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Asparaginase is an enzyme which is used in the body to speed up the change of asparagine into products called aspartic acid and ammonia. It is usually harvested from a microorganism called Escherichia coli (E. coli). Asparaginase is used in both pharmaceuticals and industrial food packaging. In the packaging of food products, it is an additive that prevents starchy foods from developing a carcinogen called acrylamide. Medicinally, it is used in treatment plans for acute lymphoblastic leukemia (ALL).
The enzyme treats leukemia by removing the asparagine in the body that malignant cancer cells feed on to survive. Asparagine is used by all cells for nutrition, but only cancer cells are unable to manufacture their own. The cancer cells are not able to grow and reproduce because the asparagine is turned into aspartic acid and ammonia by the administration of asparaginase in the form of the drug Elspar®. This drug is effective for most patients diagnosed with acute lymphoblastic leukemia.
Elspar® is given intravenously or through an injection into the muscles of the legs. The dosage varies greatly depending on the height and weight of the patient being treated. There are many reports of anaphylactic allergic reactions to the medicine, so all patients are given a test dose before beginning therapy for cancer. Other serious side effects are pancreatitis, stroke, and an increase in blood glucose levels. Liver enzymes may become elevated during the course of treatment, but they usually return to normal once the drug is discontinued.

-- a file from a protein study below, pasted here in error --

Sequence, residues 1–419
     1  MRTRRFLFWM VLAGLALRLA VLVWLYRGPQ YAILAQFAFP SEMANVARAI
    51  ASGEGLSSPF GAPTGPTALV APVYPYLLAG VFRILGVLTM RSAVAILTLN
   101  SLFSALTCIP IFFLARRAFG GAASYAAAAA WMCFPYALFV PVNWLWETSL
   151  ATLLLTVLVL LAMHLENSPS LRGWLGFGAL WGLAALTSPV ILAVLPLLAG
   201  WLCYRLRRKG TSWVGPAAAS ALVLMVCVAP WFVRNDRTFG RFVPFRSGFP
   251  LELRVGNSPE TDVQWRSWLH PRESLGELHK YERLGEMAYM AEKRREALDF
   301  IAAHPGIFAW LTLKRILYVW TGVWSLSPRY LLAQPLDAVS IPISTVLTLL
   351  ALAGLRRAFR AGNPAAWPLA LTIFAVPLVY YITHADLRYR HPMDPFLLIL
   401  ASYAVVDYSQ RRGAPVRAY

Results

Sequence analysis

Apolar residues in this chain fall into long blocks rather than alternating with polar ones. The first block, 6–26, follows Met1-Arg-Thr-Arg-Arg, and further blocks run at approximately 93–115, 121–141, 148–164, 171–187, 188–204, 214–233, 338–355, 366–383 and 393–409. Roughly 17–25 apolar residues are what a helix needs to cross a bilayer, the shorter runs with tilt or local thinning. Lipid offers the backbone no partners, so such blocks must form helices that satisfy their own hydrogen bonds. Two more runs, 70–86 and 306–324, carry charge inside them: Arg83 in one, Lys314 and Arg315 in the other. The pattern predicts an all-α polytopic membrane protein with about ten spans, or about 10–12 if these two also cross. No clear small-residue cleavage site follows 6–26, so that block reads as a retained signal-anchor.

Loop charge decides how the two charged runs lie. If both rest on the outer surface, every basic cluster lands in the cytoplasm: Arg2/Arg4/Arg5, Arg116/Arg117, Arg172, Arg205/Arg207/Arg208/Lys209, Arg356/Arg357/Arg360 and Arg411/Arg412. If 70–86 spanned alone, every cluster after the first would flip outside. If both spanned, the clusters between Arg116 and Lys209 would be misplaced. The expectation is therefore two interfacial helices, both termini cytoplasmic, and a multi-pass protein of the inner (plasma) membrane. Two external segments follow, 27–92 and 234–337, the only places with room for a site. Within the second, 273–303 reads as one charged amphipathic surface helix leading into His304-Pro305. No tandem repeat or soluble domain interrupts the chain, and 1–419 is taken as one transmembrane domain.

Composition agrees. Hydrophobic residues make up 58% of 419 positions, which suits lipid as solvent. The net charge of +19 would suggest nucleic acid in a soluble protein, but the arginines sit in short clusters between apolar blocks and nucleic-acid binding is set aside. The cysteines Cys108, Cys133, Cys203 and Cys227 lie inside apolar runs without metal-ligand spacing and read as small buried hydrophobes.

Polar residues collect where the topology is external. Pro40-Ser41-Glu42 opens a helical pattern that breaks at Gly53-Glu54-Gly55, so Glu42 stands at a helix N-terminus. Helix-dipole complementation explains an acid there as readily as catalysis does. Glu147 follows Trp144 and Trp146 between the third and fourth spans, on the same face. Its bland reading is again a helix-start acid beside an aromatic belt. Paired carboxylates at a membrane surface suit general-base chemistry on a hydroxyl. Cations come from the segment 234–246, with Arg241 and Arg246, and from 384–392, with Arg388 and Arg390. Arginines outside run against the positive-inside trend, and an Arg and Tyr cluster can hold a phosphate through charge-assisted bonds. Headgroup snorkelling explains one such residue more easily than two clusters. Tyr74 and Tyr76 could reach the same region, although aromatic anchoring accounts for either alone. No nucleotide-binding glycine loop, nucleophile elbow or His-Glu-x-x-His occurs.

The most common side effects of asparaginase are flu-like symptoms including fever, nausea, chills, and vomiting. A few patients experience excessive sleepiness and depression. It is possible to have hallucinations while being treated with asparaginase. Some have reported seizures and confusion as a result of taking this medication. The confusion and sleepiness are caused by the increase in aspartic acid and ammonia circulating in the blood.
Asparaginase is classified as a category C risk for pregnancy. It is not advisable to become pregnant or father a child while being treated with it. Women who have already given birth are cautioned not to breast-feed, as the medication can pass through breast milk. Additionally, there is a known risk to receiving immunizations while on treatment with Elspar®.
During cancer treatment with asparaginase, it is common to have blood work done frequently to test for the proper functioning of the liver and other organs. The blood will be tested for elevated pancreatic enzymes and for blood clotting factor times. An increase in the clotting factor can signal a higher risk for stroke. Blood sugar will be monitored to ensure that an increase to dangerous levels does not occur as a result of treatment.